CUTS-International Lusaka board Chairman, Ambassador Love Mtesa says by instituting the reintroduction of windfall taxes or raising mining taxes, Zambians would be able to get a fair share of proceeds from natural resources mined in the country.
He added that it was common knowledge that the country’s national wealth must benefit Zambians more than anyone else.
Ambassador Mtesa firmly believes that serious and genuine investors could not be scared by the re-introduction of windfall taxes as they would still greatly benefit from profits. “The windfall tax must be reinstated unconditionally because it was revenue on excessive profit on a graduated basis of copper prices”.
“The government must appreciate that windfall and variable taxes introduced by late President Levy Mwanawasa after so much campaign were designed to enable Zambians benefit from the soaring copper prices and super profits earned by mining companies” he said.
He noted that while the Zambian government was dragging its feet over the re-introduction of the windfall tax, other countries such as Chile, Democratic Republic of Congo were making serious efforts to come up with mechanisms to generate more resources for workers, communities and their infrastructure development programmes.
Ambassador Mtesa has further advised government to also consider learning from Australia which had introduced a 40 percent on super profit by mines effective 2012 stating that these were the kind of efforts that should be replicated in a country like Zambia both in short and medium term.
He further added that there was need for the government to also consider implementing key provisions of the amended Mines and Minerals Development Act to enable communities benefit from mineral royalties and to clearly define policy on the use of the resources in order to promote national development.
And CUTS-International Lusaka programmes officert Simon Ng’ona has indicated that the failure by government to reach the mark up allocation of 10% to the agriculture sector as indicated in the Maputo declaration shows the true picture of government’s laxity to diversify the economy and make the sector excel beyond its current state.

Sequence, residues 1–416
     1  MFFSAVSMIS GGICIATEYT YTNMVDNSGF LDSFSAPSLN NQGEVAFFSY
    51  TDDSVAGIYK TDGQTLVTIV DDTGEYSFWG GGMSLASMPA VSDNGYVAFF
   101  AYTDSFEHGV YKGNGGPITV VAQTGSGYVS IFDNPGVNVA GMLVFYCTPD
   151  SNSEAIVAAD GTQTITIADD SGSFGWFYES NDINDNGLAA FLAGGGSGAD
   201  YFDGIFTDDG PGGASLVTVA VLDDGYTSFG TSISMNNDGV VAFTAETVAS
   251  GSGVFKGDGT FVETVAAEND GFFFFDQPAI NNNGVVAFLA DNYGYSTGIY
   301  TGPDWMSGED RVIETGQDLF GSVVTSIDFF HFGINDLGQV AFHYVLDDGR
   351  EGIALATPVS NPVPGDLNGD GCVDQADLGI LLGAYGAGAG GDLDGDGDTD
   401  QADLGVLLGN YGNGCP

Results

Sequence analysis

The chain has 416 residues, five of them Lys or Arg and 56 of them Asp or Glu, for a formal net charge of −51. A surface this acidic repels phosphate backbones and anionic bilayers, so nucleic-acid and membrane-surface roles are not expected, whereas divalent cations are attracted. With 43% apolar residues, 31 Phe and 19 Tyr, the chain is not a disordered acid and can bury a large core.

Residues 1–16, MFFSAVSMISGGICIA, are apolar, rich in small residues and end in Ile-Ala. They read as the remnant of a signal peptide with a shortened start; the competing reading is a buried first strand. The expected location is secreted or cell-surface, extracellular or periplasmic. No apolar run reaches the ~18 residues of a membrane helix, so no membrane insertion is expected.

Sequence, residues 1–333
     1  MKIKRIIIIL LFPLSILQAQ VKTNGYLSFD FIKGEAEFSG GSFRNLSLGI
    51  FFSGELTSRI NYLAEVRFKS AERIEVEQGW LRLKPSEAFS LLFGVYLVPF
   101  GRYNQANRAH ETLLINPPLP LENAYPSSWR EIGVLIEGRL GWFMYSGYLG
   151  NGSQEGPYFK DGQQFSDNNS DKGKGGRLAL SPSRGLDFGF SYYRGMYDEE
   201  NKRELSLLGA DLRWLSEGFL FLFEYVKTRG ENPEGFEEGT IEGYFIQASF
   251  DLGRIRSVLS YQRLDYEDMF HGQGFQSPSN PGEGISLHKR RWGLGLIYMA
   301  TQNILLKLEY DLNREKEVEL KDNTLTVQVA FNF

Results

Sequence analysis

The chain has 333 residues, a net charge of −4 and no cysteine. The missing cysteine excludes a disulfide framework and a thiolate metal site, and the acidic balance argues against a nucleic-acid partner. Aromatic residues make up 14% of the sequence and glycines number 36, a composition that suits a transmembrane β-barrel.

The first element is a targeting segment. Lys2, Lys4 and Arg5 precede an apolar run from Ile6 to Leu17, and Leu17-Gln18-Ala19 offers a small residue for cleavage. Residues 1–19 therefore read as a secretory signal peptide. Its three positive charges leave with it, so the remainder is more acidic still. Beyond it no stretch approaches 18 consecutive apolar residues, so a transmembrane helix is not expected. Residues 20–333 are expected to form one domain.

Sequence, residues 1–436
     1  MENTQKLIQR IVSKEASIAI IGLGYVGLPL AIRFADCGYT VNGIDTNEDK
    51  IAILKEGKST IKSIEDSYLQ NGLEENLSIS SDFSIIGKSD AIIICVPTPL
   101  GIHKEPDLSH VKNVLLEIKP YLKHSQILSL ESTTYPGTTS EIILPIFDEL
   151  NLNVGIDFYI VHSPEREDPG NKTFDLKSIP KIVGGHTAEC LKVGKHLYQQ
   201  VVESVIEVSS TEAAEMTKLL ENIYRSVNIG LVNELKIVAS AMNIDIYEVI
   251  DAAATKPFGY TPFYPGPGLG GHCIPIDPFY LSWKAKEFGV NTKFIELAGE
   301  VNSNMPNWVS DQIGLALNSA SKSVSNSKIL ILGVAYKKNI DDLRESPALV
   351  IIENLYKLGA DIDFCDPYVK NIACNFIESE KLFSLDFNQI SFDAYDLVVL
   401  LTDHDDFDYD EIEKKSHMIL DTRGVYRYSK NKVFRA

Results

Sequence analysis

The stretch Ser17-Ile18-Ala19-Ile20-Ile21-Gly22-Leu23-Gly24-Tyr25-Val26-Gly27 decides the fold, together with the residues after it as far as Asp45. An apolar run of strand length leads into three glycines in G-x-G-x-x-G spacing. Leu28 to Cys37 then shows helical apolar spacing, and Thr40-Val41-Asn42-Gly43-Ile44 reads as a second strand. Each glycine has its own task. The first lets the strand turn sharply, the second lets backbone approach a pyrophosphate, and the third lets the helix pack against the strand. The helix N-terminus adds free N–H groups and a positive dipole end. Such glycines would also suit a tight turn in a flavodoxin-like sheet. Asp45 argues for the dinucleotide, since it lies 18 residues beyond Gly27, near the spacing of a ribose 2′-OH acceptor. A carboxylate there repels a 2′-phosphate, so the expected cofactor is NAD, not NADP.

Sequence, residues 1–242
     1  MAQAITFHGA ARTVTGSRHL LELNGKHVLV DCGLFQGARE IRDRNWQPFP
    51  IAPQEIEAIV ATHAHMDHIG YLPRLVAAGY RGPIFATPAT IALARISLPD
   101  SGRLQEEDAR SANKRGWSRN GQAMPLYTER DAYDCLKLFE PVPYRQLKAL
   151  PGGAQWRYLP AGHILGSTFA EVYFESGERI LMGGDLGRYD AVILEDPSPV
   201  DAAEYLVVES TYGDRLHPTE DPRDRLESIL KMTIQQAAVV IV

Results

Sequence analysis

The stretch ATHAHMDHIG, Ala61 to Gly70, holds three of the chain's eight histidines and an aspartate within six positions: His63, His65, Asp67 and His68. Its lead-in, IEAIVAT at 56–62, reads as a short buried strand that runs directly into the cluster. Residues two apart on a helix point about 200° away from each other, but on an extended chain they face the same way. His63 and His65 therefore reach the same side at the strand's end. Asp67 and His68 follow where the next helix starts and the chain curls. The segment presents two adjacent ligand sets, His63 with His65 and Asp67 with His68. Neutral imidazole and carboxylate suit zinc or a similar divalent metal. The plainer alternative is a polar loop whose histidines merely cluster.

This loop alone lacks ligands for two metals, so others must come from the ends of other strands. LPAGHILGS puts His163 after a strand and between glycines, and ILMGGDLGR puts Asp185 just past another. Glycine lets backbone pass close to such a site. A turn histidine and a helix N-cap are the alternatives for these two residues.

“The question that ensues is that do we commit to these initiatives for the sake of image building to the international community, which is at the expense of ordinary people and development, or what, “he said.” The song of making the agriculture sector, a viable sector to meaningfully contribute to the much needed revenue gains for this country seems to be shrouded in mystery”.
He added that the country has also been wavering to commit to programmes like the Comprehensive Africa Agriculture Development Programme (CAADP) programme, being spearheaded by COMESA in region which is aimed at reinforcing the Maputo Declaration.
“The only way the agriculture sector will flourish is through the allocation of more resources, even beyond the Maputo commitment. These resources can to a greater extent be raised locally, especially from the extractive industries, through the re-introduction of windfall taxes or raising mining taxes, “he said.
“Zambia should learn from countries like Malawi which has done relatively very well by committing more resources to the agriculture sector. The country is thriving at both international and domestic levels because of its fiscal commitment to the agriculture sector. Zambia is now, to a grater extent, trying to replicate some of the models which seem to be working in Malawi like the “one village one product movement concept” but for such concepts to work, more resources need to be pumped in the sector, “he said.
By signing the CAADP compact, the Government of Malawi committed itself to sustain or increase the CAADP recommended 10 percent of the national budget to the agriculture sector, with the view to achieve at least six percent agricultural growth. However Malawi is well above the CAADP target with an eight percent growth and 14 percent of the national budget going to agriculture. The sector generates about 80 percent of foreign exchange for Malawi and subsequently 39 percent of the Gross Domestic Product (GDP).
Mr Ng’ona said the economic planning for 2011 should have been seen as an opportunity to address the inefficiencies that has beset the agriculture sector.